I talk to people in elevators.
I realize this is probably not the proper commuter etiquette. But to ignore the person pressing against my left shoulder as we travel three floors seems like ignoring our shared humanity. Plus, I’m a talker. And it is so awkward to stare at the floor in silence when there are only two or three of you trapped in the impending death box. Why wait until the thing jams and you are stuck with one another for hours? I say, strike up a conversation in the beginning so people will be more willing to share their oxygen if it comes to that.
If you would like to add some friendliness to the world, here are my suggestions for How to Talk to Strangers.
Look for clues.
A gentleman wearing an Army cap is easy. I thank him for his service and ask how many years he served or where. I commiserate with a woman wearing heels and carrying a heavy briefcase. Be careful with this, though. We once stayed in a Chicago hotel near ComicCon. We had chatted with several conference attendees in their various attire. Coming down to breakfast one morning, we asked the couple with green hair and platform shoes which character they represented. “These are not costumes,” they said.
Don’t be Creepy.
I always want to chat with cute kids, but that can be weird. I mean, I am a stranger. So I keep it professional. I ask the child if they would please push the button for my floor. Kids love to push buttons. If the parents encourage interaction, I add a sentence about my grandchild near the same age. (I have a grandchild near every age!)
Use the Weather.
We live in the Midwest, so weather talk is guaranteed to get people going. If you are in Palm Beach, I’m not sure it will work to say, “How about this perfect weather that never, ever changes?” You could try adding, “Aren’t you glad we aren’t in Missouri today?” Weather in Missouri changes about every hour, so you are safe no matter how the person responds.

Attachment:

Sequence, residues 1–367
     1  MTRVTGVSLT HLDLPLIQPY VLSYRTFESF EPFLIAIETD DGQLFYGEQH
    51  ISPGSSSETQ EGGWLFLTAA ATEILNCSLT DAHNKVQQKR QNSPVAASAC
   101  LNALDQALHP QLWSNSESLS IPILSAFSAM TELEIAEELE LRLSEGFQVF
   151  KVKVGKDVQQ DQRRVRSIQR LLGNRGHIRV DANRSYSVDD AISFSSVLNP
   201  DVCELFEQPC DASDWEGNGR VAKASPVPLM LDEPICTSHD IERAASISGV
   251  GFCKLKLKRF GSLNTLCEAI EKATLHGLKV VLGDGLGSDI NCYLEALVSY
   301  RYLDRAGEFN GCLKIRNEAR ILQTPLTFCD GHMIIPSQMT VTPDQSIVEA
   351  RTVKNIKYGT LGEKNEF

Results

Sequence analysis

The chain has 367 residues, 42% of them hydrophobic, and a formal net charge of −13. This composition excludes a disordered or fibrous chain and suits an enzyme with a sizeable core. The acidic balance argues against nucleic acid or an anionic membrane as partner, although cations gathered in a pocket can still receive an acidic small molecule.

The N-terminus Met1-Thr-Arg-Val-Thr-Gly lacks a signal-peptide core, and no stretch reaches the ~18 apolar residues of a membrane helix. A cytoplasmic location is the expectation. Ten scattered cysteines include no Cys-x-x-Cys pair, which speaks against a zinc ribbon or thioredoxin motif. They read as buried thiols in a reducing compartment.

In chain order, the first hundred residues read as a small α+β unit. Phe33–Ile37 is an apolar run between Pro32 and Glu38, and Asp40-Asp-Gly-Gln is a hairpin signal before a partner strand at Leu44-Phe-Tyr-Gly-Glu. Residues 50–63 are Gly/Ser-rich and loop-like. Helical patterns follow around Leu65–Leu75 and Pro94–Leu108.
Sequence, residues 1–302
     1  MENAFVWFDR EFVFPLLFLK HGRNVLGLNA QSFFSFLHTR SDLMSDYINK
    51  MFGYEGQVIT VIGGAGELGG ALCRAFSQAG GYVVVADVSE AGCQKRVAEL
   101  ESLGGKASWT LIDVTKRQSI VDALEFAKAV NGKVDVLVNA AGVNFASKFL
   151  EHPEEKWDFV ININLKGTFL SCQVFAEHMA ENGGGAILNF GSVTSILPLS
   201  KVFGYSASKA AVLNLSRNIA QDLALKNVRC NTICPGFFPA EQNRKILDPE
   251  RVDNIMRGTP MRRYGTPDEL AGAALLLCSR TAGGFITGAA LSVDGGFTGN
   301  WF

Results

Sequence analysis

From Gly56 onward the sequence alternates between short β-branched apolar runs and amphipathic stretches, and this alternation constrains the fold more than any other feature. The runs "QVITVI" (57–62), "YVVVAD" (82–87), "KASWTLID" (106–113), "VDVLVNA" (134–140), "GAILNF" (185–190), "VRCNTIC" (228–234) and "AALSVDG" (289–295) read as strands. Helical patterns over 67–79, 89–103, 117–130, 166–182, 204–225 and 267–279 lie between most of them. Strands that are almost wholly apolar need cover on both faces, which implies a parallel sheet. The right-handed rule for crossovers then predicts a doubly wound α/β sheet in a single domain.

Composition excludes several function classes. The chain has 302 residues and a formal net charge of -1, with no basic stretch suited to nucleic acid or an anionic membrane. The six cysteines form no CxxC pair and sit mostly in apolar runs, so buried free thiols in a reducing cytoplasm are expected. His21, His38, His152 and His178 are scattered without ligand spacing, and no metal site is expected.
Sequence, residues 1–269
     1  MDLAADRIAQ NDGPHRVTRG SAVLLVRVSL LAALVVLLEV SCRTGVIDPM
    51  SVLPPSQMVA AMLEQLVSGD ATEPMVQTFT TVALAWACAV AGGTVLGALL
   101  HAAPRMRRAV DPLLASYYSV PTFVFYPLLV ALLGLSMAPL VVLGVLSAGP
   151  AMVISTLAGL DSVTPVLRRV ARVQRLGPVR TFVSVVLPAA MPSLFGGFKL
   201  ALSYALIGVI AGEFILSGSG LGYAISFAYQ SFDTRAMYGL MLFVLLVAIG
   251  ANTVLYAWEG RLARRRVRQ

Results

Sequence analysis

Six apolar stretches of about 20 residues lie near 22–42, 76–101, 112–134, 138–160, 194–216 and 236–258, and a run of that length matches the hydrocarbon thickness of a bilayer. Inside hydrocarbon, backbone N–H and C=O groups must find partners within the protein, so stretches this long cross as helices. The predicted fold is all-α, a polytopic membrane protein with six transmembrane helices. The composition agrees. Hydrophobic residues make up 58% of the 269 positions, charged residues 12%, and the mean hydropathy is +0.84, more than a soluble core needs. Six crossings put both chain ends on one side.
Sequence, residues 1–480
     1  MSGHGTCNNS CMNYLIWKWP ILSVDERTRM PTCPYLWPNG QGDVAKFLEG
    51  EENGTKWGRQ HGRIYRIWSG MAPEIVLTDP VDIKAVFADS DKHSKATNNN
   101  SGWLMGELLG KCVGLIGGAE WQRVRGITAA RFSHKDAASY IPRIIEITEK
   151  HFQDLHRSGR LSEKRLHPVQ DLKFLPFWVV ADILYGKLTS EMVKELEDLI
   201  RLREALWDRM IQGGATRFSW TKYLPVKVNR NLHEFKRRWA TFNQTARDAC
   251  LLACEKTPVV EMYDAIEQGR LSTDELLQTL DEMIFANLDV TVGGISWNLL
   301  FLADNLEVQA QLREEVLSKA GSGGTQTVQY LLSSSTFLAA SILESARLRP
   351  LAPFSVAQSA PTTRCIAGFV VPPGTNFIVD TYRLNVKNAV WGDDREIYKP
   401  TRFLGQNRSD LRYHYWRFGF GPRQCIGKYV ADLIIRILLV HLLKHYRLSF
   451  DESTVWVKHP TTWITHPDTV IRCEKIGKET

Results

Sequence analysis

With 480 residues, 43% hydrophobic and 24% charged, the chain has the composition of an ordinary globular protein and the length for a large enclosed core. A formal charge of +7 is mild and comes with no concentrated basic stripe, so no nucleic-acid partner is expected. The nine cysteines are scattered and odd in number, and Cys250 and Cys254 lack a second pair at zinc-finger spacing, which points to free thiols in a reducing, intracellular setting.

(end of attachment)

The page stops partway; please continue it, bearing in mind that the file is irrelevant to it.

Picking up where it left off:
Caring is the whole point of talking to strangers. It is possible to feel great empathy for a soul you will never see again after the doors close. At least, never on this side of eternity. I try to see people as treasures – in elevators, at checkout lines, over the fast-food counter, and even when we pass on the street. I know my smile or brief comment might mean nothing to the other person. Or, it might mean the world. I once heard a motivational speaker talk about his failed suicide attempt off the Golden Gate Bridge. “If just one person on the bus had spoken to me that day,” he said, “I wouldn’t have jumped.”
Disclaimer: My security-aware husband would want me to point out that all the rules for Stranger Danger still apply. I have been known to get off the elevator on the wrong floor to avoid being alone with someone who feels a tiny bit suspicious. Stay smart. Be aware. Check the exits.